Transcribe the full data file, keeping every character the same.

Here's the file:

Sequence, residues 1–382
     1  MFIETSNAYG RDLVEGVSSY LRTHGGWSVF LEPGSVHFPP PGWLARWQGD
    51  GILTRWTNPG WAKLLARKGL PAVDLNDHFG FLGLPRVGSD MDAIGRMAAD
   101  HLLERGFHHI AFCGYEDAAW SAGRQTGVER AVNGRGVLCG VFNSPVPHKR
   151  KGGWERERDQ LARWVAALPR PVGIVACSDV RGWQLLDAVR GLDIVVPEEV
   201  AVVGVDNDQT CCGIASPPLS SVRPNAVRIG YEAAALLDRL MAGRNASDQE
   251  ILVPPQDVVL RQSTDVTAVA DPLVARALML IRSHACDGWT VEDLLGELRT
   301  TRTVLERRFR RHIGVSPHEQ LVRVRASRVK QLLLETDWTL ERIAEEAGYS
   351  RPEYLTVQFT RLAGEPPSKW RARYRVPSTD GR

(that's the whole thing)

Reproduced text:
Sequence, residues 1–382
     1  MFIETSNAYG RDLVEGVSSY LRTHGGWSVF LEPGSVHFPP PGWLARWQGD
    51  GILTRWTNPG WAKLLARKGL PAVDLNDHFG FLGLPRVGSD MDAIGRMAAD
   101  HLLERGFHHI AFCGYEDAAW SAGRQTGVER AVNGRGVLCG VFNSPVPHKR
   151  KGGWERERDQ LARWVAALPR PVGIVACSDV RGWQLLDAVR GLDIVVPEEV
   201  AVVGVDNDQT CCGIASPPLS SVRPNAVRIG YEAAALLDRL MAGRNASDQE
   251  ILVPPQDVVL RQSTDVTAVA DPLVARALML IRSHACDGWT VEDLLGELRT
   301  TRTVLERRFR RHIGVSPHEQ LVRVRASRVK QLLLETDWTL ERIAEEAGYS
   351  RPEYLTVQFT RLAGEPPSKW RARYRVPSTD GR